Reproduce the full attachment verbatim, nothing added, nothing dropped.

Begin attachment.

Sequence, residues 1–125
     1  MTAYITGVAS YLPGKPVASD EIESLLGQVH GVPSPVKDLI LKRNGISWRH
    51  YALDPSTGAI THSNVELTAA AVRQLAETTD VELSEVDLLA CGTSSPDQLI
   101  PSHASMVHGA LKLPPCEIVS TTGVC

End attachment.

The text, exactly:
Sequence, residues 1–125
     1  MTAYITGVAS YLPGKPVASD EIESLLGQVH GVPSPVKDLI LKRNGISWRH
    51  YALDPSTGAI THSNVELTAA AVRQLAETTD VELSEVDLLA CGTSSPDQLI
   101  PSHASMVHGA LKLPPCEIVS TTGVC